Streams

DNA Secrets

Wednesday, October 30, 2013

(CIAT International Center for Tropical Agriculture/flickr)

Kai Wright, editorial director of Colorlines and Nation contributor, and Emma Keller, columnist for The Guardian, discuss the special they worked on together for WNYC all about DNA and how much you actually want to know about your genes. Plus, their next project: reporting on the impact of the Affordable Care Act.

Guests:

Emma Keller and Kai Wright

Comments [5]

On the afternoon of the next day, DNA testing realizes its truest social purpose:

" . . . Russian officials are taking saliva samples from orthodox Muslim women in Dagestan in an effort to gather DNA data in case they decided to blow themselves up during the Games. . . . "

http://blog.foreignpolicy.com/posts/2013/10/31/russia_is_collecting_saliva_from_muslim_women_because_terrorism

Oct. 31 2013 02:13 PM

With apologies to Max Liebermann:

"Ich kann gar nicht so viel fressen, wie ich kotzen moechte"

That's my only reaction to your guest with the "Mary Poppins" affect
and the "Nurse Ratchet" prescriptions.

"Capper from NYC" seems to be the only person who listens to this show and has the gene for human memory.
It seems like it was yesterday (about the same time that we were being promised that people could retain the health care insurance and doctors they had. Let's crowd-source how that's working.)
I remember a very public discussion about whether the much touted government medical experts were stating that it would be much better for "society" to forgo the costs of early testing for breast and prostate cancer. (e.g., http://abcnews.go.com/Health/OnCallPlusBreastCancerNews/mammogram-guidelines-spur-debate-early-detection/story?id=9099145 ; http://articles.latimes.com/2011/oct/08/health/la-he-psa-test-20111008 )

Is there something about your business model that prohibits taking notice of otherwise relevant public information?

Not wanting to carp (much) but, on the confidentiality-privacy issues, do the names "Snowden" or "Assange" or "Clapper" undermine your "cooing" assurances, and do you seriously believe that we can have any confidence in your promises of privacy we after acceding to your intrusive curiosity.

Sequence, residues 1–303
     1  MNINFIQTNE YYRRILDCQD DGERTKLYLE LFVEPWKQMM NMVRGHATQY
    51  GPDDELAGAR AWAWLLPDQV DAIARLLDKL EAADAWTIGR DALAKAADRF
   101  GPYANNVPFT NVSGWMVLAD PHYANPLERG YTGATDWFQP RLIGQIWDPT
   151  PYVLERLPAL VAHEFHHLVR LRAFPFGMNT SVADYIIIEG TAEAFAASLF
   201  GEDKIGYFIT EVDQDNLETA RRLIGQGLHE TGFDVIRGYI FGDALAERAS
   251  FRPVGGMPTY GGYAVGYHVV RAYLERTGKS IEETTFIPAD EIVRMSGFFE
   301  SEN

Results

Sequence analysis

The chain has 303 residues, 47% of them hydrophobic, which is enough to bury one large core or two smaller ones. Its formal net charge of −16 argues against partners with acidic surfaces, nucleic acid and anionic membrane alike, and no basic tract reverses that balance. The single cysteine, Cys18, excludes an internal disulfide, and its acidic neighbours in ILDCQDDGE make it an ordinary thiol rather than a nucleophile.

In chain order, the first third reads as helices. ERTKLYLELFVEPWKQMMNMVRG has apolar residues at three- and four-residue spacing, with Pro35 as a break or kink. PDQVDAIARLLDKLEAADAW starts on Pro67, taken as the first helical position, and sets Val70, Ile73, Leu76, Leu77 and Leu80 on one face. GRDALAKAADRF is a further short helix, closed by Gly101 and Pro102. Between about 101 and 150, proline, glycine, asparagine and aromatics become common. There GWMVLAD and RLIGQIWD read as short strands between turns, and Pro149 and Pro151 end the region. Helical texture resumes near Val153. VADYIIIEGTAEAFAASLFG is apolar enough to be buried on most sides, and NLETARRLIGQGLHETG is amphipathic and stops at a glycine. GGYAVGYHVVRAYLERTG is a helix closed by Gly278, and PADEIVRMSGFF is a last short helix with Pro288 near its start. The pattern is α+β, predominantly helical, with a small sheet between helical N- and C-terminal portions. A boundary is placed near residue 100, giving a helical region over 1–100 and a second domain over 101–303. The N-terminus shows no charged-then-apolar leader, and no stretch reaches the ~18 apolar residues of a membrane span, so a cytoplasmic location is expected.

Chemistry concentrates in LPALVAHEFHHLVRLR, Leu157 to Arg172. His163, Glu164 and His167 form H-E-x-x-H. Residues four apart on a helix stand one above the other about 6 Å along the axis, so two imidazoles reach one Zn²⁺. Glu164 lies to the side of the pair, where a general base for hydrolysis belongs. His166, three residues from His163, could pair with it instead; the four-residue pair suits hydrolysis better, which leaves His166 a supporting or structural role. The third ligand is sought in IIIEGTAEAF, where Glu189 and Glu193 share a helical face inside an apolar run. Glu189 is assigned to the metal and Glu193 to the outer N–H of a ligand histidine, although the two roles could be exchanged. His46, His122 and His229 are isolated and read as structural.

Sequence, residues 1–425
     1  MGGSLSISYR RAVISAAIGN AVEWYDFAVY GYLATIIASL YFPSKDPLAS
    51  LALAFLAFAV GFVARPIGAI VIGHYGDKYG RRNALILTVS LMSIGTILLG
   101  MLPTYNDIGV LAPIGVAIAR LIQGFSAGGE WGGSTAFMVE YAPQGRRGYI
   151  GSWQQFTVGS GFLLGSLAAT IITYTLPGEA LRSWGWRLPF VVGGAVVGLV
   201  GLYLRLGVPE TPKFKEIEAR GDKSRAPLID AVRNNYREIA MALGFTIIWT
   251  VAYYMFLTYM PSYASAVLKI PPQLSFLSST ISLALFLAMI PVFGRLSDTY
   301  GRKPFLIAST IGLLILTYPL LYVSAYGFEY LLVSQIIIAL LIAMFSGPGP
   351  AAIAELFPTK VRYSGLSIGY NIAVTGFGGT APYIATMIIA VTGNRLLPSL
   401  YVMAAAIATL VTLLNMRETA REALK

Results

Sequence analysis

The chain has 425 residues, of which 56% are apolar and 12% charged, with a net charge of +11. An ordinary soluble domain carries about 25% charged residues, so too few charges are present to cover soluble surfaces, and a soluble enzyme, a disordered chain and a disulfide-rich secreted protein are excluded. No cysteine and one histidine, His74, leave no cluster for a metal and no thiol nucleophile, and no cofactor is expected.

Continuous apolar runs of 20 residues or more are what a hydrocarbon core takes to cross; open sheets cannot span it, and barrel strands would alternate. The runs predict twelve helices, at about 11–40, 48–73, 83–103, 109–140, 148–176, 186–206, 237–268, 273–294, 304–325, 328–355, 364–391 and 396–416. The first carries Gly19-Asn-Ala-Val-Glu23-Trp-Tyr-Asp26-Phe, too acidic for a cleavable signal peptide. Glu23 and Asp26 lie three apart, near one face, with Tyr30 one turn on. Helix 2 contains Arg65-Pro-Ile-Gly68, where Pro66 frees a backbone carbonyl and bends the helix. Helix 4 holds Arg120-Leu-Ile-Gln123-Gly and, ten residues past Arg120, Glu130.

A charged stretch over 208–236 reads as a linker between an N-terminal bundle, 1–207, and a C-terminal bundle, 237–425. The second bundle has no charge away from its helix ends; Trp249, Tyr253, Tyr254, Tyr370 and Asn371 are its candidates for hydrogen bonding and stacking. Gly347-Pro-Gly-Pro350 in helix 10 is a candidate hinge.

Oct. 30 2013 01:09 PM
Peter from MA

I work in the Biomedical Sciences, and I support wide, possibly universal DNA testing/screening in principle, but am hesitant to do so right now. Why?
1. The current laws and regulations that are supposed to guarantee one's right to genetic privacy are too weak.
2. Insufficient enforcement of such laws; a victim has to first find out that their rights to privacy were breached. I am not aware of, for example, such mechanisms such as random checks on whoever accessed such data to see if they were they authorized to do so
3. The penalties for violating people's right to keep their genetic profile privat are not severe enough. In addition to more severe mandatory criminal penalties, a legally-sanctioned testing agreement should have to include the right of anybody whose genetic profile is leaked or "outed" to receive significant monetary damages.

Oct. 30 2013 12:24 PM
jgarbuz from Queens

Why don't we just manufacture the kids in factories already, and get rid of "marriage" too while we're at it?

Oct. 30 2013 11:14 AM
Capper from NYC

Maybe your guest was strictly talking about DNA testing, but in terms of "testing" overall for hidden diseases, I understand that is actually bad for you! Getting MRI's etc.. not great.

Oct. 30 2013 11:09 AM

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